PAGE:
Two Cancer Charities Using Direct Mail Very Differently
The fight among fundraisers for donor dollars is real, especially among cancer charities that take many different routes to getting attention and then gifts from prospects. Take Susan G. Komen for the Cure and Memorial Sloan-Kettering Cancer Center, for example, and two of their prominent direct mail "controls" (mailings that are repeated in the mailstream and are considered successful — go to www.whosmailingwhat.com to find out how to study these mailings).
See the slideshow below to see very different — and often opposing — tactics in action for their direct mail. But first it must be acknowledged that they share one major tactic: Using FEAR as a "copy driver."
As marketing author Denny Hatch wrote about in "The Secrets of Emotional, Hot-Button Copywriting," there are seven major copy drivers that can get people to change their behavior ... and order a product, donate to a cause or send for more information.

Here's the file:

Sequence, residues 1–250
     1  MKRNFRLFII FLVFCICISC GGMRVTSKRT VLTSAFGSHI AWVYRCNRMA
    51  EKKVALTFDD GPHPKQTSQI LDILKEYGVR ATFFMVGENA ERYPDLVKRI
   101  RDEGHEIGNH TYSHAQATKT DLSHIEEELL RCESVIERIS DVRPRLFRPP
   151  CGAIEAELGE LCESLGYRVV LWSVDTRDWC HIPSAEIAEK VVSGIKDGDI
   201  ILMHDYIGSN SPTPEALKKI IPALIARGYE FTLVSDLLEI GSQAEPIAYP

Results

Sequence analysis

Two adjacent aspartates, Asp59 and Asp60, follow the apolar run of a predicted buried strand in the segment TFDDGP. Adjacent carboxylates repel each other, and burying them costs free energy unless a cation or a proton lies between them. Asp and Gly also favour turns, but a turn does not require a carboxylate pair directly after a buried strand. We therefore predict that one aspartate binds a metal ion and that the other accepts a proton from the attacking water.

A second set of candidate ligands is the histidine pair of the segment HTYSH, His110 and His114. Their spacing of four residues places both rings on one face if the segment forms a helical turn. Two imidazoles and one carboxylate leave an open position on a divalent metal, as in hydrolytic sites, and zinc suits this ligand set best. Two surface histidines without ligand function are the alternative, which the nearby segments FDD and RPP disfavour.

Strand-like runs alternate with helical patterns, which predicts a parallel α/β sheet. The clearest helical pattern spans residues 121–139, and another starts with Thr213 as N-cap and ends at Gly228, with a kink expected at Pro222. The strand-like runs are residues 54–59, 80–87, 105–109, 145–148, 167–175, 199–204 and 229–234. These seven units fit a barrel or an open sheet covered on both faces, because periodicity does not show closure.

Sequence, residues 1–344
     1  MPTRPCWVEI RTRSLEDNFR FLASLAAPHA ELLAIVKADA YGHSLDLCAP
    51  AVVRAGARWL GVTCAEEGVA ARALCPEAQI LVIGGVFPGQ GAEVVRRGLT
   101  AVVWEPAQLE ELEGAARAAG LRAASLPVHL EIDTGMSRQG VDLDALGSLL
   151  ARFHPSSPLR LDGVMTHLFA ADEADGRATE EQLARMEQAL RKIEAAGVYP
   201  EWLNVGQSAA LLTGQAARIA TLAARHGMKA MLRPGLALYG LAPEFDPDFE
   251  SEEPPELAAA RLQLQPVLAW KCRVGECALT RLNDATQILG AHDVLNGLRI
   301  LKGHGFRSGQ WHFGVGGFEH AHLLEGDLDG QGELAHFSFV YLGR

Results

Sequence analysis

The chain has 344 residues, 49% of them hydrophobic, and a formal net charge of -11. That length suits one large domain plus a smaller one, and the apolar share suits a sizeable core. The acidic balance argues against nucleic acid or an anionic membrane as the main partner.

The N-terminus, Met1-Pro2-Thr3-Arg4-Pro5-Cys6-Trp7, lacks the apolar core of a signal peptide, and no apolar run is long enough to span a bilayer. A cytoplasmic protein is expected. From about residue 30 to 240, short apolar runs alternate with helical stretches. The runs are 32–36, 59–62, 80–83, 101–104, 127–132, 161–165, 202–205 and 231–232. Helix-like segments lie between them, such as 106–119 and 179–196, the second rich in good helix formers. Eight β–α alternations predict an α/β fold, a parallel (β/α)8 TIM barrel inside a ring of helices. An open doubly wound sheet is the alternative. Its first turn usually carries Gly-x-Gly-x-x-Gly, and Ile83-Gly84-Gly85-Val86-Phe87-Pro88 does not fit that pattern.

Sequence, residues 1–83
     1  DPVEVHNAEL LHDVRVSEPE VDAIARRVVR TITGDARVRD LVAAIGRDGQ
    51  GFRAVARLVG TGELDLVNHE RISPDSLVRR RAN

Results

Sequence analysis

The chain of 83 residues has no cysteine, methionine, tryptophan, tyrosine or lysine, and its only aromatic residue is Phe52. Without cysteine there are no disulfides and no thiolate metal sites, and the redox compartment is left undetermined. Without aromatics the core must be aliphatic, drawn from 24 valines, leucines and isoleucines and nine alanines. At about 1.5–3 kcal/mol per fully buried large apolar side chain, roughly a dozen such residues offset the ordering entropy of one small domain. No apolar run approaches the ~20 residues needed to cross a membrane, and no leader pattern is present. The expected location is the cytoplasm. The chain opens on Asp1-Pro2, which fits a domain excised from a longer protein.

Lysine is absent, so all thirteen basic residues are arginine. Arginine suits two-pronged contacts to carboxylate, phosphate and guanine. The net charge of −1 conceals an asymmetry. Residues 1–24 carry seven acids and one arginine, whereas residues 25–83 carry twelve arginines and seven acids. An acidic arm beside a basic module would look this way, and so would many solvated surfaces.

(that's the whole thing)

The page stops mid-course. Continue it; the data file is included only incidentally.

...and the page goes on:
Swedish entrepreneur Axel Andersson and Seattle marketing agency founder Bob Hacker, identified these seven:
Look at fundraising mail as a whole, for example, and you'll routinely see the top four on display not only in the letter, but on the outer envelope, reply form, lift letter and more.
See the slideshow below to see how Susan G. Komen For the Cure vs. Memorial Sloan-Kettering Cancer Center used fear similarly ... yet went it different directions for other parts of their mail pieces. Tell me in the comment section below which one you think does a better job on getting a prospective donor to give.
Ethan Boldt is the chief content officer of Direct Marketing IQ, where you can study mailings at the most complete and fully searchable online library of direct mail and email in the world. Reach him at email@example.com.